Some of the top-rated pharmacy colleges in India are:
*Andhra University, Vishakhapatnam
*Delhi Institute of Pharmaceutical Sciences and Research, New Delhi
*Department of Pharmaceutics, IIT BHU, Varanasi
*Dibrugarh University, Dibrugarh
*Dr Harisingh Gour Vishwavidyalaya, Sagar
*Government College of Pharmacy, Bengaluru
*Institute of Chemical Technology, Mumbai
*Jadavpur University, Kolkata
*Jamia Hamdard, New Delhi
*Maharaja Sayajirao University of Baroda, Vadodara
*Maharshi Dayanand University, Rohtak
*National institute of Pharmaceutical Education and Research, Ahmedabad
*National institute of Pharmaceutical Education and Research, Hyderabad
*National Institute of Pharmaceutical Education and Research, Kolkata
*National Institute of Pharmaceutical Education and Research, Mohali
*National Institute of Pharmaceutical Education and Research, Raebareli
*Rashtrasant Tukadoji Maharaj Nagpur University, Nagpur
*School of Pharmacy, Devi Ahilya Vishwavidyalaya, Indore
*University College of Pharmaceutial Science, Kakatiya University, Warangal
*University Institute of Pharmaceutical Sciences, Chandigarh
*Al-Ameen College of Pharmacy, Bangalore
*Amrita School of Pharmacy, Kochi
*Birla Institute of Technology and Science, Pilani
*Birla Institute of Technology, Mesra
*Bombay College of Pharmacy, Mumbai
*Chitkara University, Patiala
*JSS College of Pharmacy, Mysuru
*JSS College of Pharmacy, Ooty
*KLE University College of Pharmacy, Belgaum
*Manipal College of Pharmaceutical Sciences, Manipal
*Nirma University, Ahmedabad
*Poona College of Pharmacy, Bharati Vidyapeeth University, Pune
*PSG College of Pharmacy, Coimbatore
*RC Patel Institute of Pharmaceutical Education and Research, Shirpur
*Seemanta Institute of Pharmaceutical Sciences, Jharpokharia
*Sinhgad College of Pharmacy, Pune
*SLT Institute of Pharmaceutical Sciences, Bilaspur
*Soniya Education Trust's College of Pharmacy, Dharwad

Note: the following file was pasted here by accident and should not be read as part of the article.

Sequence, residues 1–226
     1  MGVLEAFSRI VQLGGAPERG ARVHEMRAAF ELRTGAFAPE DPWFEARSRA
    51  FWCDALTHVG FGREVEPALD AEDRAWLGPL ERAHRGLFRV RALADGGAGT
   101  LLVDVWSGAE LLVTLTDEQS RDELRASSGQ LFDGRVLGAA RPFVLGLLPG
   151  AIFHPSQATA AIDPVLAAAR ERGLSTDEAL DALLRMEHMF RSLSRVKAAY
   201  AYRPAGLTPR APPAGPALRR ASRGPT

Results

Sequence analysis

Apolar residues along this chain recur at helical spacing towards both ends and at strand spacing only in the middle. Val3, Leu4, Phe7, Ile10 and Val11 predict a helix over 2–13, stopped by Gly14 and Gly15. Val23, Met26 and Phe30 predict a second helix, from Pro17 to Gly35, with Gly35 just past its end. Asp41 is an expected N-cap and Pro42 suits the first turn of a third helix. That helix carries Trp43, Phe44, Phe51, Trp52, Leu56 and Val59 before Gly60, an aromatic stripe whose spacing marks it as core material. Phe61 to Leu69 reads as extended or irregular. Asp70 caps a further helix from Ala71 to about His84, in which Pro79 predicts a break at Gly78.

*Sri Ramachandra University, Chennai
*SRM University, Chennai
Where to Work?
There is a lot of scope for Pharmaceutical Sciences graduates and experts in the Indian pharmaceutical industry which is growing at a rapid rate. More and more hospitals, nursing homes, and pharmaceutical companies are coming up all over India. Naturally, they require trained staff to run the business. If you are interested in starting your own business, pharmaceutical industry is one of the top choices of entrepreneurs these days.
Pharmacy education can open up job avenues for you in the government sector, universities, and research institutes too. R&D organizations are also amplifying recently and research analysts are quite in demand.
In the pharma industry, people are needed to develop, formulate, produce, sell, and market new and existing drugs for clinical use. From time to time, drug control administration and armed forces also advertise vacancies for pharmacists. In the government departments, drug inspectors or government analysts are needed to make sure that drugs that are manufactured and sold are of standard quality. Appointments are also made for pharmacists who can maintain proper records of all the related activities, as per the specifications.
Food and cosmetic industries, and other health care avenues also employ pharmacists to assure that their products are safe and effective.
In a recent development, dedicated e-drugstores have started selling medicines online. E-pharmacies sell everything from diapers to pills to diazepam. Most of the online pharmacies work with partner retailers who drop the medicines home, while there are some like Medidart and Buydrug that deliver medicines directly. The latter have physical pharmacy outlets too. Prashant Tandon of 1mg.com explains, “There is no separate license for online pharmacies as per the Drugs and Cosmetics Act till now. We are just an online platform that connects offline pharmacies which do have a license.” Experts believe that there is a lot of potential in this field too, and those who are entering the market of selling drugs online right now might have an early-mover advantage.
(The author is a consultant and columnist. email email@example.com)